Icelandic form of Adrian.
Icelandic form of Adriel.
ÆSAfAncient Scandinavian, Icelandic, Faroese
Old Norse, Icelandic and Faroese variant of Ása.
ÆSGERÐURfIcelandic (Rare)
Icelandic younger form of Ǣsgærðr.
ÆSIRmIcelandic, Norse Mythology
Icelandic masculine form of Æsa. This is the name of a character in Norse mythology.
Modern Icelandic form of Ævarr or Ǣvarr, an Old Norse name in which the first element derived from ǣvi meaning "eternity, time, life" (compare Aiva, from the Gothic cognate); the second element may have been herr "army" or geirr "spear".
Diminutive of Alf (1).
AGATEfLatvian, Danish (Rare), Norwegian (Rare), French (Rare), Swedish
French variant and Nordic and Latvian form of Agathe.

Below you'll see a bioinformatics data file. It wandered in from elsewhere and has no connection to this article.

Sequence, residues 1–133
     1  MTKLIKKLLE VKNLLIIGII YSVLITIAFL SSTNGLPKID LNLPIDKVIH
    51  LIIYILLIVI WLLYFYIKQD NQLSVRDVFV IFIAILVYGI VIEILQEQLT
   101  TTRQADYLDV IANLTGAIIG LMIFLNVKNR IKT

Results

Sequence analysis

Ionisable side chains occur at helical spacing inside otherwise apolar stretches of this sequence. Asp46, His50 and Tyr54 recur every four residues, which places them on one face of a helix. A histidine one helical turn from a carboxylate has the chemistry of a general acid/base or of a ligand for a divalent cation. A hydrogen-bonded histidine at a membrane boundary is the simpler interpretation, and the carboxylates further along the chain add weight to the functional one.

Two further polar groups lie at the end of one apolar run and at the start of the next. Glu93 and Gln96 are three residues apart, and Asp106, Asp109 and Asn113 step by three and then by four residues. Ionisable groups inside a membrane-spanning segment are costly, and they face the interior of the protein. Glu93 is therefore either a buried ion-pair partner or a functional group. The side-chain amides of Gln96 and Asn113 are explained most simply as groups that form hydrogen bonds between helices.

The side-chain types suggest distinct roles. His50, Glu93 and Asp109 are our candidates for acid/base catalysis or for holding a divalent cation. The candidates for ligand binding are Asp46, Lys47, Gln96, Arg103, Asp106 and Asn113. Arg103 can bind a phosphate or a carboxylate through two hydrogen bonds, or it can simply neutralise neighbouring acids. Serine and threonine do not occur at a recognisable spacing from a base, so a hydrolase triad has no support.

AGDARmNorwegian (Archaic)
Norwegian masculine form of Agda.
ÄGIRmSwedish (Rare)
Swedish form of Ægir.
AGMUNDmAncient Germanic, Danish, Norwegian, Swedish (Archaic)
The first element of this name is derived from ag, an uncertain element for which a few possible origins exist. The accepted explanation is that it comes from Proto-Germanic *agjo, which means "sharp, pointed." Because of that, it also means "edge", as in the sharp cutting side of a sword - which is why the meaning of the element has ultimately come to be "sword"... [more]
AGNAfDanish, Swedish, Norwegian
Feminine form of Agni or short form of Agneta.
Faroese form of Agnes.
ÅGNEmNorwegian (Rare)
Halvemål variant of Hogne.
AGNImNorse Mythology, Icelandic
Short form of names beginning with Agi- or Egg-. In the Ynglingatal, Agni Skjálfarbondi is a legendary Swedish king, one of the Ynglingar (Swedish royal dynasty in the early Middle Ages). His wife Skalf hanged him with his own necklace.
AGNISm & fLatvian, Old Swedish, Swedish
Swedish variant and Latvian masculine form of Agnes.
AGRIMmNorwegian (Rare)
Norwegian dialectal variant of Audgrim.